Update: As of Tuesday evening, the fire is 43 percent contained.
After torching more than 6,000 acres, the Lake Christine Fire was 39 percent contained as of late Monday afternoon, officials said during a community briefing Monday evening at Basalt High School.
The blaze grew approximately 200 acres from 9 a.m. Monday, and firefighting crews continue to work around the clock to keep it in check.
Keith Brink, chief of fire operations, said much of the efforts are concentrated on the northern perimeter of the fire as it has been going toward Basalt Mountain. Sunday’s rains helped to stem the fire’s growth, he said, but weren’t enough to help on Monday. Temperatures in the 80s and 90s and low humidity combined to dry out natural fuels.
“Because the northern end of the fire is still uncontained and located in steep, rugged terrain, the fire will likely continue to spread in that direction for some time,” an Eagle County Sheriff’s Office statement says. “Additionally, within the fire’s existing perimeter, there are both unburned islands of timber, as well as some areas of scrub oak which burned incompletely. These fuels could ignite as areas dry out, so group torching and fire runs in this area are still possible.”
As a result, the statement says that “smoke will continue to be visible for some time, and if the fuels ignite in the evening, flames or a glow also will be visible.”
Roger Staats, deputy incident commander, said Monday’s conditions were extremely dry, but that higher humidity levels are forecast for today. The National Weather Service office in Grand Junction predicts an 80 percent chance of rain on Wednesday for the Basalt area, with thunderstorms expected in the afternoon. Thursday’s chances for precipitation are 60 percent.
“With the drying today, we expect maybe a little more fire activity, especially at the top of the fire,” Staats said.
He stressed the tough conditions on the northern perimeter, which is rocky, steep and home to subalpine fur trees. “Subalpine furs are really difficult to fight fire in; it throws up tons of embers and creates multiple spots across the landscape,” Staats said.
He said he expects 45 percent containment, if not greater, after today. He also said that officials are trying to develop long-term plans. The fire will probably reach Basalt Mountain before monsoon rains arrive, Staats said.
When the monsoons will become a regular afternoon occurrence is not known. Ryan Boudreau, a forecaster with aspenweather.net, said though rain is predicted Wednesday and Thursday, the weekend will be dry. Thunderstorms are predicted to return on the following Monday and Tuesday, then perhaps on the weekend of July 21-22.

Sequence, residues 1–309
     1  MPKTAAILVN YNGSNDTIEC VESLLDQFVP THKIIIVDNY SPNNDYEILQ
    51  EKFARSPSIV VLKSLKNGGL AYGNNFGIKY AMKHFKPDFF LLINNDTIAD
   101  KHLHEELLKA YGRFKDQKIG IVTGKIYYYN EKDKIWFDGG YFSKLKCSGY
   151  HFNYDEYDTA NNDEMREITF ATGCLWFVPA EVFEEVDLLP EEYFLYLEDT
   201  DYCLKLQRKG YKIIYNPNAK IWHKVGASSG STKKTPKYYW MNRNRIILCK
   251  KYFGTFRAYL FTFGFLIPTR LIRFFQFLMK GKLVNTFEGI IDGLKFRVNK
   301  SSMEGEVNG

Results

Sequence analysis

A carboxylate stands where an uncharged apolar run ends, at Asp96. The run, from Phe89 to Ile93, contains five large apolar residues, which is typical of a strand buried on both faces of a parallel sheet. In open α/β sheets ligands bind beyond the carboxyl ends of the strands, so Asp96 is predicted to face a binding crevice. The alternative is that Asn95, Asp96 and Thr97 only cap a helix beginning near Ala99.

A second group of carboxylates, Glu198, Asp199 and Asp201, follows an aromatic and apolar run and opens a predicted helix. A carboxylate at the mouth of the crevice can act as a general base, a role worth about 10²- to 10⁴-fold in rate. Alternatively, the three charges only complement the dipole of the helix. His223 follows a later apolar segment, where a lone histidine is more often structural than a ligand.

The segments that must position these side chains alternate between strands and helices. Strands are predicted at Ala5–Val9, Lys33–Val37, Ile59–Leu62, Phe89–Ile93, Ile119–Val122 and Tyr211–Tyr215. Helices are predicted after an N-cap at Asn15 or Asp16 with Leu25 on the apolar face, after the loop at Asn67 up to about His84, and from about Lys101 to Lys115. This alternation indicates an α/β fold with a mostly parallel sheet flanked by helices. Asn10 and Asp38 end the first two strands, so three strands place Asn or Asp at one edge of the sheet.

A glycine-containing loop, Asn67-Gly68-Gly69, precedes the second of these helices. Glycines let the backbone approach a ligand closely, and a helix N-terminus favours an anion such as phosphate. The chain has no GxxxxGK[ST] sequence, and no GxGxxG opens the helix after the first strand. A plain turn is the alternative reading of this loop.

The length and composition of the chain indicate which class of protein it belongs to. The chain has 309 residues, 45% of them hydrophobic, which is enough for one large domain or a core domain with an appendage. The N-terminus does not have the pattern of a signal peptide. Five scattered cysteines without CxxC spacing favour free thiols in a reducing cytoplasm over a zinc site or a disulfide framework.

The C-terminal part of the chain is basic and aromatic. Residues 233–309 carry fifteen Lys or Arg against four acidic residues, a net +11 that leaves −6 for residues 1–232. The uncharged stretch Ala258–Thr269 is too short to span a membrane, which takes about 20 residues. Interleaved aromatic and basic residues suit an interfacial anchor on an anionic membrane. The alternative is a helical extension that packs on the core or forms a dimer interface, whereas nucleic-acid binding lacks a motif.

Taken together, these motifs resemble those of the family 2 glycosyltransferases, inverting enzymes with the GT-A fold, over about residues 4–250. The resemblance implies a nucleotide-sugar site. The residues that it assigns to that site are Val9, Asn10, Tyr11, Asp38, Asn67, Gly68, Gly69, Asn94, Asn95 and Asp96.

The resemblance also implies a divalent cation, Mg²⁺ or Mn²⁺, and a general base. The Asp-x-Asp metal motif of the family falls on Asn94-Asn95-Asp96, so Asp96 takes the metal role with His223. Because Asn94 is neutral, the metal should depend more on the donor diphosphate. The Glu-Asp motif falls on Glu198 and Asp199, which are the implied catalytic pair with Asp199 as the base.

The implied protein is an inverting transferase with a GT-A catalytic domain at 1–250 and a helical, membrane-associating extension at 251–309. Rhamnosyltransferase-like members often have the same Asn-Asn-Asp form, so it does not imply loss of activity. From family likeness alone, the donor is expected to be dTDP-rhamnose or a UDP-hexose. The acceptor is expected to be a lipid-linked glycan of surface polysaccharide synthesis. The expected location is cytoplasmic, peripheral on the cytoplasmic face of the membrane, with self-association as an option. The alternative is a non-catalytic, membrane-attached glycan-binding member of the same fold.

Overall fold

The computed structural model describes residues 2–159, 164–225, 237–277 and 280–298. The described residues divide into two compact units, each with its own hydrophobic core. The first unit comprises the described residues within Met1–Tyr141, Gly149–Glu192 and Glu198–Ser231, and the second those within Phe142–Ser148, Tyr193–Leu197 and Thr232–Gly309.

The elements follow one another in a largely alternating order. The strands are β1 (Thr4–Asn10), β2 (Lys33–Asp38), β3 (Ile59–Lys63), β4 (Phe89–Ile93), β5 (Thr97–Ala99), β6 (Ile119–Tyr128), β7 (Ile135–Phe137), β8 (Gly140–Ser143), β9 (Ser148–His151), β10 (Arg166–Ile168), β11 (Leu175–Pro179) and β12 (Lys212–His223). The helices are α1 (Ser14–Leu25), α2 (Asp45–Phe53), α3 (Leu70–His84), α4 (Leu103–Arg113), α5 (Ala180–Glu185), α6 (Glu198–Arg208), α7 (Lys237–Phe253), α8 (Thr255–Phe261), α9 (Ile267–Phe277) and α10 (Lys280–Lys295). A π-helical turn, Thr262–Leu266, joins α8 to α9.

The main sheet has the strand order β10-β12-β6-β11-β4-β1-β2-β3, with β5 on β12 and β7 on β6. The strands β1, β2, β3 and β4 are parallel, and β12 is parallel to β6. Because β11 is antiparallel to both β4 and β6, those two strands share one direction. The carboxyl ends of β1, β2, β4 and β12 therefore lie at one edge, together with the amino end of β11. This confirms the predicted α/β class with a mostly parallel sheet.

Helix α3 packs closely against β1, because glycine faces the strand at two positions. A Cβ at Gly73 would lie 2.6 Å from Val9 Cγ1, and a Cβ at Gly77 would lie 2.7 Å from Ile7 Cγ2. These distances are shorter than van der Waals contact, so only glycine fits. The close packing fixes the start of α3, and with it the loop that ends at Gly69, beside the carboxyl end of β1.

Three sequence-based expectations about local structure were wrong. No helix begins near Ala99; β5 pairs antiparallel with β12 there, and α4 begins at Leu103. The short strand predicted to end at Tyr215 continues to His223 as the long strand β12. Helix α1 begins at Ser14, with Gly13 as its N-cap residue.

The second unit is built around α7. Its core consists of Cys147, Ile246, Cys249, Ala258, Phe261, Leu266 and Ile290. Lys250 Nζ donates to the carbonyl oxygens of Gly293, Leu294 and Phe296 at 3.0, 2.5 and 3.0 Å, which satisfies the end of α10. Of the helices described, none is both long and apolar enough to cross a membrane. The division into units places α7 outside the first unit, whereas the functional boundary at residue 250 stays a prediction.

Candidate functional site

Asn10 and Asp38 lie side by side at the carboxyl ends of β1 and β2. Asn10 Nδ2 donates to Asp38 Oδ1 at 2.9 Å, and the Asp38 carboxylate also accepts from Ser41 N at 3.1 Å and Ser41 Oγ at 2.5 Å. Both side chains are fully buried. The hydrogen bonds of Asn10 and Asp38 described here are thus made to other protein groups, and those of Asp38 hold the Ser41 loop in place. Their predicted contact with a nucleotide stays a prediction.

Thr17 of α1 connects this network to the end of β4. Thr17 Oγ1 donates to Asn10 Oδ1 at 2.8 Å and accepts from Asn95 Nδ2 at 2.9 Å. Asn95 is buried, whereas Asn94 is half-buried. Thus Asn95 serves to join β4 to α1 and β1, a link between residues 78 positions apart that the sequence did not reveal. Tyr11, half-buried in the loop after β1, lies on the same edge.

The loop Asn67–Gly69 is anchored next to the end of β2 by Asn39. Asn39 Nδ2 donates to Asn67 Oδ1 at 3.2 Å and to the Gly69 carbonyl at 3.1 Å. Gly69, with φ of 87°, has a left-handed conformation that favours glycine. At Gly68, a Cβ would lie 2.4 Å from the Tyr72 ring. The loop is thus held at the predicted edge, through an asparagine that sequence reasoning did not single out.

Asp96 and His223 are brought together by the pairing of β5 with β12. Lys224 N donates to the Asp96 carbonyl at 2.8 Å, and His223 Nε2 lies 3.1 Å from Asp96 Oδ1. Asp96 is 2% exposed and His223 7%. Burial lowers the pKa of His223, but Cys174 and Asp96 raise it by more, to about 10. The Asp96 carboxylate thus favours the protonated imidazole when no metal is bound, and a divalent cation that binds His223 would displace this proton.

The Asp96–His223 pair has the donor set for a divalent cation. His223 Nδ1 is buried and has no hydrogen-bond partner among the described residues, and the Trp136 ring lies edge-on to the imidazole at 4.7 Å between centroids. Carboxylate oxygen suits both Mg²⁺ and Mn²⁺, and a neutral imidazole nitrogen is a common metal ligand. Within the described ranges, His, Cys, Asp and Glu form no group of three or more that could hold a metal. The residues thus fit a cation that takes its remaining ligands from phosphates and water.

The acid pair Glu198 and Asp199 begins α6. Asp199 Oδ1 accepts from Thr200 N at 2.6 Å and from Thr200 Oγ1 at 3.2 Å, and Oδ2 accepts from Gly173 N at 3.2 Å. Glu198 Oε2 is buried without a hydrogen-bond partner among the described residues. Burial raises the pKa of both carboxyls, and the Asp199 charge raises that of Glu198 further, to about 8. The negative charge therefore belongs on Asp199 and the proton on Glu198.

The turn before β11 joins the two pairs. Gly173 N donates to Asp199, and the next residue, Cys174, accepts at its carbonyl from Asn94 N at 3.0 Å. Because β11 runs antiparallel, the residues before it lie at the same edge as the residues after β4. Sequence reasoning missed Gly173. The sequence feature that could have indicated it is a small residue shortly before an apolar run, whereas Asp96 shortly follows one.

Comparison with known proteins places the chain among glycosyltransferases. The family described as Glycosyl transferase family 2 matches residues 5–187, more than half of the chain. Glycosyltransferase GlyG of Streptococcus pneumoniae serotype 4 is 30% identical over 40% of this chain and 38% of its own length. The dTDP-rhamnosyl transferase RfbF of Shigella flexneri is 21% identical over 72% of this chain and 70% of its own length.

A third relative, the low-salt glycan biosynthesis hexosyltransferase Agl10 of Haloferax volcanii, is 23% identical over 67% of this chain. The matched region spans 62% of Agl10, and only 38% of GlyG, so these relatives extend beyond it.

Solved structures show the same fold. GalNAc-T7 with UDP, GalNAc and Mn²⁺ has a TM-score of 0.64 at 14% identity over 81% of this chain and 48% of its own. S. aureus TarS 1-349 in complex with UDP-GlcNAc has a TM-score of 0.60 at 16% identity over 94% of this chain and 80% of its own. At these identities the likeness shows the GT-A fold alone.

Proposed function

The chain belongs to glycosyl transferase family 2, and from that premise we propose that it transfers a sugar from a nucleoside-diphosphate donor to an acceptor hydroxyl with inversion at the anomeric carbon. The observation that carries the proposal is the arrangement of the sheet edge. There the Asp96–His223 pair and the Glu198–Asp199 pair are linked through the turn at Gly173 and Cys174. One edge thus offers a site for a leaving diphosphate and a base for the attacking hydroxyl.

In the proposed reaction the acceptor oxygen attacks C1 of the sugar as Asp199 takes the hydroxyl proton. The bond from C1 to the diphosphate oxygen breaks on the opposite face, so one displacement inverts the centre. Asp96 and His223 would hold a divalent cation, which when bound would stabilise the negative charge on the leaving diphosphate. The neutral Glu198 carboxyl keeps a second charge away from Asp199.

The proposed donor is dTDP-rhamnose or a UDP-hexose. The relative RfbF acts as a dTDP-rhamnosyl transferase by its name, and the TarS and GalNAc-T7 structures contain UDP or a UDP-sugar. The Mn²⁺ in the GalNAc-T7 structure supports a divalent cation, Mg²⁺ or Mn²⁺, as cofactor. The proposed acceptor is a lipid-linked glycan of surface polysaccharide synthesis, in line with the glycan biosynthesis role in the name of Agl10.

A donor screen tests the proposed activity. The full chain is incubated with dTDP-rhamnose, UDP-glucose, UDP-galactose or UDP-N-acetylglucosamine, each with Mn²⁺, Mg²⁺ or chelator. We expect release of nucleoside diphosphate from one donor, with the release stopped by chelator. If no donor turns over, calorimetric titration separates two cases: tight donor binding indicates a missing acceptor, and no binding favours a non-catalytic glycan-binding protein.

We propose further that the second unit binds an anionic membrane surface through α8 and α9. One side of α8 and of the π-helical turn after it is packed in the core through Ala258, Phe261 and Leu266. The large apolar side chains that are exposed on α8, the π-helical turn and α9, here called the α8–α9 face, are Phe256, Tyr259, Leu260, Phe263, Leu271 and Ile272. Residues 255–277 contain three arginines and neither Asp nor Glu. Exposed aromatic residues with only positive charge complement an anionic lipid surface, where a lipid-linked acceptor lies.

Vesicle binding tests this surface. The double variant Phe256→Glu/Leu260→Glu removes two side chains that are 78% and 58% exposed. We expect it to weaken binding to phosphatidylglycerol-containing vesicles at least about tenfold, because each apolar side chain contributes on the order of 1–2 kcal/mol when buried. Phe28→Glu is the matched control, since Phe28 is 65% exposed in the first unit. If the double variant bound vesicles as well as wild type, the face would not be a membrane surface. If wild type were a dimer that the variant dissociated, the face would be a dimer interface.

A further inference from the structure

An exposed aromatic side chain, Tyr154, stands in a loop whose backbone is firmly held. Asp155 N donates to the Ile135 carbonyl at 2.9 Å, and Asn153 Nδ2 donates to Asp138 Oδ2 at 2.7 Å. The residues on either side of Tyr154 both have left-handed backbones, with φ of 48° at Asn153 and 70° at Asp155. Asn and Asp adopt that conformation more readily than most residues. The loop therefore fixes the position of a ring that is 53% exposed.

Cory Gates of aspenweather.net said that under the true definition of monsoon rains, the regular storm pattern won’t arrive until the end of the month or later.
A map of the fire’s perimeter showed sections of containment on the southern end, bordering the areas of Basalt, El Jebel and Missouri Heights. After growing to the east toward Basalt on Wednesday afternoon, high winds changed direction, and the fire raged back to the west overnight, which led to the destruction of three houses: one in Missouri Heights and two near the El Jebel Mobile Home Park.
As of Monday evening, no other structures had been destroyed, officials said.
Brink said a huge challenge on the northeast section of the perimeter involves working with power-company personnel to replace 40 to 50 poles that carried transmission lines. The poles are either burning or they are broken.
Power-company and firefighting personnel “are working their tails off” to get the lines repaired, he said.
The Basalt Town Council meets this evening, and Town Manager Ryan Mahoney plans to provide an “update on fire and emergency preparedness,” according to the meeting agenda. The meeting starts at 6 p.m.
“This is just to let them know [the emergency procedures] we had in place leading up to this event,” he said Monday. “The reason the response went as well as it did up front is because of the collaboration that occurred among area agencies, which included the town of Basalt, community members, Pitkin and Eagle counties, the fire department, the list goes on.”
Because an emergency plan already was in place, “people knew what to do once this fire kicked off,” Mahoney said.
He said that council members will be presented with a proposed resolution to ratify a declaration of a local disaster emergency. A local emergency already has been declared, he said, but a council vote is needed to make it official.
The resolution states, “Emergency response officials have indicated that the Lake Christine Fire may burn for several weeks unless there is substantial precipitation. In this time, the [fire] will continue to impose an imminent threat to widespread or severe damage, injury, or loss of life or property.”
If ratified, the declaration will remain in effect until July 24, unless terminated earlier by the town manager, the resolution says.
Mahoney said the disaster declaration is necessary for the future application of state and federal funds to assist with the public and private cost of damages.